Monday 14 May 2012 8:34:25 pm
After completing this tutorial, you should be able to set up a single, multi-core eZ Find instance with eZ Tika. This will allow you to index multiple eZ Publish sites along with virtually any file type, as well as take advantage of eZ Find’s extended searching and sorting functionality.
The multi-core setup variant is useful even if you just have a single eZ Publish site – it doesn’t require any extra resources, and you have the ability to easily add more sites to the search server when the need arises.
eZ Find is a search extension that integrates the content management features of eZ Publish with the powerful, Lucene-based Apache Solr search server. Once installed and configured, it provides faster and more extensive search facilities as well as functionality to overcome some limitations in eZ Publish, such as selecting and sorting on an attribute common to more than one content class.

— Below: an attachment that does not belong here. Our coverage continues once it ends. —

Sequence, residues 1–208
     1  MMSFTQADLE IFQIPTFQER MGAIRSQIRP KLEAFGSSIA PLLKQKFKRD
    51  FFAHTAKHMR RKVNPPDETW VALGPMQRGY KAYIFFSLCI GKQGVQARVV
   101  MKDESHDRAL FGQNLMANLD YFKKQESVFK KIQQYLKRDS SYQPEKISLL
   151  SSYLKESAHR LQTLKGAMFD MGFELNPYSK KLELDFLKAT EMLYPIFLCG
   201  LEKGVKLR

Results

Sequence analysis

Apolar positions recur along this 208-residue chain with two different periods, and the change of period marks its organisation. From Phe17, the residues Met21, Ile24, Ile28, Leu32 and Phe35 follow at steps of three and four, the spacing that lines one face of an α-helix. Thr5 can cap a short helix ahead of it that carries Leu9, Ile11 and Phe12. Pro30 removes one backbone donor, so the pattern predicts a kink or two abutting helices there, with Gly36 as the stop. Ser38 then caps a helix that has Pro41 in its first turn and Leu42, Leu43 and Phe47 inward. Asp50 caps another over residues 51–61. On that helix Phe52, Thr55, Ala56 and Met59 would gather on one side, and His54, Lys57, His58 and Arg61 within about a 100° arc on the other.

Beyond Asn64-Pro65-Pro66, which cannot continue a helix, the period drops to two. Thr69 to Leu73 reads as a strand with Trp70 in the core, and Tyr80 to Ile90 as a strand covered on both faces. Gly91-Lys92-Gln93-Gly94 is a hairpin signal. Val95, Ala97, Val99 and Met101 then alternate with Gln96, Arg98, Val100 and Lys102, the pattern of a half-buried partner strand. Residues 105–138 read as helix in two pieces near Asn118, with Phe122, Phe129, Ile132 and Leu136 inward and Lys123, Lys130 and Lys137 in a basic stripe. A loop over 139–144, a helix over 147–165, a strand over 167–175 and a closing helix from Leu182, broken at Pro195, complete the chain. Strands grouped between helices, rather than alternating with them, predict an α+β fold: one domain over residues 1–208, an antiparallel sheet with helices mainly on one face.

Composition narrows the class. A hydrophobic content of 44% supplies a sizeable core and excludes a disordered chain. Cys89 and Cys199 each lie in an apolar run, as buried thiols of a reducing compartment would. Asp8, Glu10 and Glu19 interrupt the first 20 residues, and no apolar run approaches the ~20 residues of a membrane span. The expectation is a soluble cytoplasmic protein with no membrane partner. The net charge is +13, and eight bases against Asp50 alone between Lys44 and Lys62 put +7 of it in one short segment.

The eZ Tika extension is a binary file plugin and wrapper for the Apache Tika toolkit, which detects and extracts metadata and structured text content from various document types such as PDF, Word, Excel, ODF, and many more. Used together with eZ Find, virtually all content in an eZ Publish system can be indexed, categorised and searched.
The result is a search server that features enterprise-grade speed and features – the open source way!
It can be tricky to install and configure eZ Find properly, since several technologies are involved and there are some pitfalls to avoid. This tutorial aims to provide a step-by-step guide to the process, as well as give some glimpses into the workings of Solr and how eZ Find integrates it with eZ Publish.
You should be familiar with the Linux command line and package administration, and have a good working knowledge of setting up and using eZ Publish version 4.x (or Community Project releases from 2011 and onward).
Reference platform for this tutorial:
Although this tutorial uses Debian 6 as a reference platform, it should be applicable to other Linux distributions with only minor adaptations. All commands are assumed to be issued as root unless otherwise noted.